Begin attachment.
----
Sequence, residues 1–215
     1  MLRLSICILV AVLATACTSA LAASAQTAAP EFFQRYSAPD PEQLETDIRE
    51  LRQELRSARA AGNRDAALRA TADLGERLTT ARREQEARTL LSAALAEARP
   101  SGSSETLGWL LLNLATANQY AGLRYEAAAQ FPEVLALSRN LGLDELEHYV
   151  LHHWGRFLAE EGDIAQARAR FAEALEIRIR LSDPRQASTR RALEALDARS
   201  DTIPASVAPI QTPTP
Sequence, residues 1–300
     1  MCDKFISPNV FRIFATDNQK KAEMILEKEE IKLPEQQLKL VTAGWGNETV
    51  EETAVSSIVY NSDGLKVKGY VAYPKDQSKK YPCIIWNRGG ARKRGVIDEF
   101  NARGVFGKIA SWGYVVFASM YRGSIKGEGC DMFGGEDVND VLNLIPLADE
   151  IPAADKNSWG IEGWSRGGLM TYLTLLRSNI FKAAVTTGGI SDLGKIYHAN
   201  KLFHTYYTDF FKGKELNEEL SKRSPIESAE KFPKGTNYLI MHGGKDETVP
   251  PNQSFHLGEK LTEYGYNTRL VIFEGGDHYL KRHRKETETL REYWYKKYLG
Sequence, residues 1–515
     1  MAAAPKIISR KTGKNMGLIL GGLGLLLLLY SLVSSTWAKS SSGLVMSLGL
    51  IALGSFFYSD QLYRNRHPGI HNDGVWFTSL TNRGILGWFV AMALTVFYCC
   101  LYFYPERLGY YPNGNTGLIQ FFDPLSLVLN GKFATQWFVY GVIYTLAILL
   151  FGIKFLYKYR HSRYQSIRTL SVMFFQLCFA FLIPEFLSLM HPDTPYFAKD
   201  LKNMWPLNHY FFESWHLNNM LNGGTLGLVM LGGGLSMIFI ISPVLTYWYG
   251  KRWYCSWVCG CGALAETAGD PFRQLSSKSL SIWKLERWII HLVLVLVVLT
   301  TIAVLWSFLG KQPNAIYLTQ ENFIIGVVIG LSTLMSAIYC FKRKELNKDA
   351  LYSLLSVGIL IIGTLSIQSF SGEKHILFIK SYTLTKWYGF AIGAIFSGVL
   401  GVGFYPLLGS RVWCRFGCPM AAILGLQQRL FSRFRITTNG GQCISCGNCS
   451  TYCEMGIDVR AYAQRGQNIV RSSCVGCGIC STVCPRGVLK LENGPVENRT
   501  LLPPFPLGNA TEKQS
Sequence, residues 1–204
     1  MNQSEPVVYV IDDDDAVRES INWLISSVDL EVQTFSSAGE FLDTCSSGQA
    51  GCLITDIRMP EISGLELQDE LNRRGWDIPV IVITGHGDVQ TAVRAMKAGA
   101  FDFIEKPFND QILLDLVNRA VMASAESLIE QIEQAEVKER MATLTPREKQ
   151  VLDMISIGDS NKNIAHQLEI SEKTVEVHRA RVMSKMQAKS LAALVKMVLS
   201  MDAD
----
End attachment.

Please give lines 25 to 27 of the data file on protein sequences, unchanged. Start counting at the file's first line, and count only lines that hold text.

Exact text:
   501  LLPPFPLGNA TEKQS
Sequence, residues 1–204
     1  MNQSEPVVYV IDDDDAVRES INWLISSVDL EVQTFSSAGE FLDTCSSGQA